The missed optimizations from this are especially noticeable when doing link-time optimization — the benefit of LTO is that the compiler can see the whole library and inline between files, but this is not possible if those functions may be replaced. This problem makes all interprocedural optimizations (such as devirtualization) ineffective, not only inlining.

There are two ways to get GCC to optimize shared libraries in the same way as normal code
  • Use the command line option -fno-semantic-interposition
  • Avoid exporting unnecessary symbols by passing -fvisibility=hidden to the compiler, and manually export the needed symbols using a linker export map or by decorating the functions with
    __attribute__((__visibility__("default")))
    

Monday, October 17, 2016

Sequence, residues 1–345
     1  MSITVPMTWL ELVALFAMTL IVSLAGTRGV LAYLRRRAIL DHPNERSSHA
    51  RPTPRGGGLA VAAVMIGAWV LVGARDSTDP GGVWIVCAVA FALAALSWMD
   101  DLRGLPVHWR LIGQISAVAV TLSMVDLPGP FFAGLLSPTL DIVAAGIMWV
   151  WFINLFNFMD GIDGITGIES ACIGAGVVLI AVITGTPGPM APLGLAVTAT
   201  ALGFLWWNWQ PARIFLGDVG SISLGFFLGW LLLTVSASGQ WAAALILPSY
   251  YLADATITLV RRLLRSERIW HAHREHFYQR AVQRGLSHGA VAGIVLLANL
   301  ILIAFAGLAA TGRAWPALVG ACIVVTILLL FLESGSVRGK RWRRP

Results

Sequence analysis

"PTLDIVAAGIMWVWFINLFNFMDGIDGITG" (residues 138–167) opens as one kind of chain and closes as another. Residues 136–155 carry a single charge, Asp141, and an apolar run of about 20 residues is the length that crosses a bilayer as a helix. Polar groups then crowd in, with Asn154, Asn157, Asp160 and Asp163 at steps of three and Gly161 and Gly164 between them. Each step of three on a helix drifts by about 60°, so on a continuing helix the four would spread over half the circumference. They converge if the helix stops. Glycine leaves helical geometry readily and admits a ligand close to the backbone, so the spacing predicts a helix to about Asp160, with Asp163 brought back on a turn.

Inlining — main is special

I wrote in my previous post that I assumed Jason compiled using the -O2 optimization level for the example in his CppCon 2016 talk, as it worked for me when I used -O3. But I was wrong — Jason used -O3, but his example was slightly different compared to mine. I used the function
int bar()
{
    return std::string("a").size() + std::string("b").size();
}
that optimizes to just returning a constant, while Jason used
int main()
{
    return std::string("a").size() + std::string("b").size();
}
which does not optimize. The only difference is the name of the function...

The reason for the difference is that GCC knows that main is special — it has the property that it is called only once. That is, it is a cold function, which makes the inlining less aggressive.